The combustion engine’s days are numbered. Those smelly, noisy motors will slowly be forced out of cities as we creep towards 2040, after which you’ll no longer be able to buy a new car in the UK unless it can travel 50 miles on electric power alone. In order to clean up the air we breathe, it seems petrol and diesel will go the way of the steam train, and the horse and carriage before it. It’s a necessary progression, but one we’ll be slightly sad to see.
That’s the backdrop to the arrival of the Jaguar I-Pace, the first real all-electric rival to Tesla’s premium Model S. It’s a big leap for the British company, but is it good enough to ease the pain of parting with the engines we’ve come to love?
In the driving seat
On first impressions, at least, the answer is yes.I’ve never been a fan of SUVs, but the Jaguar is quite literally head-turning even on the streets of New York, where we tested the car ahead of the final race of the Formula E season.
With the batteries under the chassis and an electric motor at each end, Jaguar’s taken the opportunity to shorten the bonnet and pull the cabin almost over the front wheels. Despite its size, it looks like a sprinter ready to bolt. And Jaguar’s broken with convention inside, too, with a screen-laden central console that rises up between the driver and passenger seat. The interior looks Silicon Valley, but still has plenty of Jaguar personality.
It’s in the front of the cabin that the I-Pace’s 21st-Century credentials are clear to see © Jaguar Land Rover/Newspress
Beneath the surface, the dual motors provide four-wheel drive, producing 349bhp and an eye-widening 513lb/ft of torque. It’s a big car, but that torque hurls the I-Pace forward, delivering it to 60mph in 4.5 seconds – quick enough to leave a lot of sports cars in its dust. It’s the welcome new reality of electric cars: because the power delivery is instant, they’ll all be quick, even SUVs. That said, a heavy foot will shorten the reported 298-mile range – a realistic figure would be closer to the 200-mile mark. If you need to go further, then a 100kW charger (of which there are 2,000 being scattered across the UK this year) will recharge your batteries in 40 minutes. A 7kW home charger will get to 80 per cent in 10 hours.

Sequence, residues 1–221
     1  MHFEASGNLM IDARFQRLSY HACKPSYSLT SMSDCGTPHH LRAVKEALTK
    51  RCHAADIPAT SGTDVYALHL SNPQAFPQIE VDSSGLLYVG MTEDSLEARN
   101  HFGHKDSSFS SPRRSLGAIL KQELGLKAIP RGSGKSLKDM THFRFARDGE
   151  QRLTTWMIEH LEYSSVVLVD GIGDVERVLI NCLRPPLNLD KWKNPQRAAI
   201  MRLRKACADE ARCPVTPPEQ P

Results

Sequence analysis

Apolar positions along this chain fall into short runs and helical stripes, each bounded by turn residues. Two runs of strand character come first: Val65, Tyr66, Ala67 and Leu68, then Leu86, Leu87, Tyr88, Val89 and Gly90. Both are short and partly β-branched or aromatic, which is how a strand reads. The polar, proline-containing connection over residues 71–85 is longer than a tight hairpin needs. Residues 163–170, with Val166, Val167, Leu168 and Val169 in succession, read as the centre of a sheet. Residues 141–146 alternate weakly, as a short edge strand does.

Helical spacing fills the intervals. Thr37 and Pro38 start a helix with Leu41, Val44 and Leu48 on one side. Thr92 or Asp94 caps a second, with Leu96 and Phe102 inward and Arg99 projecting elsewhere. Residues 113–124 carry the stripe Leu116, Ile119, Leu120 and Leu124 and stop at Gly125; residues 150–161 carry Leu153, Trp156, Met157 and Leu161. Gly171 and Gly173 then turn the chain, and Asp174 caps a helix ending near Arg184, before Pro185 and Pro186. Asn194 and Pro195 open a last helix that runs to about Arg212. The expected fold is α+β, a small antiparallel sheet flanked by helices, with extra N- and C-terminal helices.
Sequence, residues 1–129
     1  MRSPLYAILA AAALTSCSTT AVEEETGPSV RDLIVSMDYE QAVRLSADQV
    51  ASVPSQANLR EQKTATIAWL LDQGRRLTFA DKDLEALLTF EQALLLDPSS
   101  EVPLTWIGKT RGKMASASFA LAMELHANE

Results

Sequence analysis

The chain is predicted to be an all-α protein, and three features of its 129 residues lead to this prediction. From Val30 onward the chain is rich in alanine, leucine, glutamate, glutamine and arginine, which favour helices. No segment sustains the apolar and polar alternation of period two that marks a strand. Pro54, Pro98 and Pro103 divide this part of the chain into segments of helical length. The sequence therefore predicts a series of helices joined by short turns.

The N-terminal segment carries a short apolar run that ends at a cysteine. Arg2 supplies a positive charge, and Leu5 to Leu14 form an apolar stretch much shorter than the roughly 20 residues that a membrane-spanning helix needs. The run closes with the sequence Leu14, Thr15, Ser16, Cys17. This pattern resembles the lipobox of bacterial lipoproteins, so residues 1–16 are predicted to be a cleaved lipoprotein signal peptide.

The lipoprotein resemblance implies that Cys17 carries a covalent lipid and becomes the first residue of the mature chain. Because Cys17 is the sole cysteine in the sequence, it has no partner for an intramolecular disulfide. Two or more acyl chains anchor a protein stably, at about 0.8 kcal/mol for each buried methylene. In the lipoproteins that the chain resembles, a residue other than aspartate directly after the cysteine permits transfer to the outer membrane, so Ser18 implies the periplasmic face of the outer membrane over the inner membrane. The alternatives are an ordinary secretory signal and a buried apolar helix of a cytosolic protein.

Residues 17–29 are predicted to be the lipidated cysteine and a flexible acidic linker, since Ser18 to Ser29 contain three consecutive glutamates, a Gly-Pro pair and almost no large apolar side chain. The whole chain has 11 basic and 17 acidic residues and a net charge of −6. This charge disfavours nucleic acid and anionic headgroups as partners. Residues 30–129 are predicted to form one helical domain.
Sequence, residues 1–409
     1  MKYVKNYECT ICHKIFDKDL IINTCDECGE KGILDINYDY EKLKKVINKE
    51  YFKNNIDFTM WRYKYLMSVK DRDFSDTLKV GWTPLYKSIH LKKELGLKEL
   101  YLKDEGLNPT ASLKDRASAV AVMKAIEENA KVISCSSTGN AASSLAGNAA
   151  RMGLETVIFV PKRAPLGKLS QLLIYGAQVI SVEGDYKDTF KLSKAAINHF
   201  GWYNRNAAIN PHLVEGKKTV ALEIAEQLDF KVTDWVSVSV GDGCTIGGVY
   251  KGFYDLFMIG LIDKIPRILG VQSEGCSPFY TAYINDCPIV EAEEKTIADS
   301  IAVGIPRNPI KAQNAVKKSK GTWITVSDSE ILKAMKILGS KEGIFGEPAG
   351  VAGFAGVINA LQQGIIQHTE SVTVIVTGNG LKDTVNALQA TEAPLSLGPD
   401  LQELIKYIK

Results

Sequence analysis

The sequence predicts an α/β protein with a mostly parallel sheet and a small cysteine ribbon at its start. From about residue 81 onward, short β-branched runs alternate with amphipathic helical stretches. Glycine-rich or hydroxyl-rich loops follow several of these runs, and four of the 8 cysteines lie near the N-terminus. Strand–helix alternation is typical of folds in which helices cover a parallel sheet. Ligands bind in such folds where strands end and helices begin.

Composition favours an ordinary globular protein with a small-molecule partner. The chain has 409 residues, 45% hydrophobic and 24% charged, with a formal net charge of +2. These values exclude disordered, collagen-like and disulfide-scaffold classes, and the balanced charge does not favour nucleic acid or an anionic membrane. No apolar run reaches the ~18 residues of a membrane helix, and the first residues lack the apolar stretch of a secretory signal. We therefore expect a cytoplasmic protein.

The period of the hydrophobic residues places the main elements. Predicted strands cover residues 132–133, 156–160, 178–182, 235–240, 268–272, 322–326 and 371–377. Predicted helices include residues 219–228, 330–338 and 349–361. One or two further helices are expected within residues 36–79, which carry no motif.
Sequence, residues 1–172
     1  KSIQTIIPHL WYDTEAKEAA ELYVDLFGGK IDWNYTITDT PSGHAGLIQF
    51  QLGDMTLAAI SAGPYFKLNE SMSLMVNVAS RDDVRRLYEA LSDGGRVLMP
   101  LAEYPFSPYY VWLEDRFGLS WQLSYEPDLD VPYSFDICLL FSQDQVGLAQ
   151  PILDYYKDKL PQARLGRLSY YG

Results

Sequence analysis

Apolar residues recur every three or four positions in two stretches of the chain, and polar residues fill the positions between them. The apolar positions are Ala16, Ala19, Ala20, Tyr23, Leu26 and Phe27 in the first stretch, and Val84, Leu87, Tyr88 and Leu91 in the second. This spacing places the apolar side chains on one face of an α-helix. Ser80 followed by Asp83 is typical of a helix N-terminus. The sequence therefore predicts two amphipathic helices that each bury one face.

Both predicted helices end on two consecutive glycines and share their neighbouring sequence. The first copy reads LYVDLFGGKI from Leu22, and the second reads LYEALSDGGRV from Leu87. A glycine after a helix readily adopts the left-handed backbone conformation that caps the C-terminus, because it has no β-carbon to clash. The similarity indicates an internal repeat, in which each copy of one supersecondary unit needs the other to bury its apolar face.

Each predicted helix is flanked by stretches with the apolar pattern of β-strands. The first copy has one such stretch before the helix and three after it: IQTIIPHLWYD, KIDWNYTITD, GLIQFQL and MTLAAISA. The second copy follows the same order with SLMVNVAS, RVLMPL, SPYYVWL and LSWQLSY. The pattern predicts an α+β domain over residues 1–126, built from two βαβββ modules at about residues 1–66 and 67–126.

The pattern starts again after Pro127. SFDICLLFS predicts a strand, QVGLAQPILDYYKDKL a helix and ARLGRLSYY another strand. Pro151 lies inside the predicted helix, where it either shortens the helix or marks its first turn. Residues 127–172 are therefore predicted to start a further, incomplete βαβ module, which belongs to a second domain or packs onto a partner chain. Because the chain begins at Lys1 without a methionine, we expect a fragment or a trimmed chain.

The batteries lining the bottom of the car help keep the centre of gravity low, which means it’s surprisingly obedient in the corners for such a hefty vehicle. And special mention, unusually, goes to the sound Jaguar’s bestowed upon the I-Pace – a low, growly space-age hum that beats any electric vehicle we’ve sat in.
So far so good, but there are few things we miss. The I-Pace is a brilliant car to drive, particularly for an SUV, but battery-powered cars all share the same characteristics. They’re fairly uniform: instant power with a silent ride that’s occasionally a bit bumpy in town. Those that care about their drive will miss the character an engine can provide, as well as the noise. The infrastructure is also still an issue: although charging stations are near-ubiquitous, there are too many types, each with their own charging time.
Ultimately, the I-Pace is a brilliant piece of design, sat atop a great car. It’s comfortable, spacious and rapid, and its range covers most journeys. It also puts a smile on our faces to see a British brand lead innovation in the electric charge, redefining what Jaguar stands for in the process. It’s a worthy competitor to Tesla’s offering, but will appeal to different customers. As the infrastructure starts to catch up with the quality of the electric cars being produced, there are going to be fewer and fewer excuses not to leave fossil fuels behind, and that can only be a good thing.
There’s plenty of room in the back to accommodate passengers in typical Jaguar luxury © Jaguar Land Rover/Newspress
Jaguar I-Pace spec
Prince: From £63,495, jaguar.co.uk
Model tested: Jaguar I-Pace First Edition (£81,495)
Range: 480km (298 miles)
0-60mph: 4.5 secs
Battery: 90KWH, 388V LITHIUM-ION
This is an extract from issue 326 of BBC Focus magazine.
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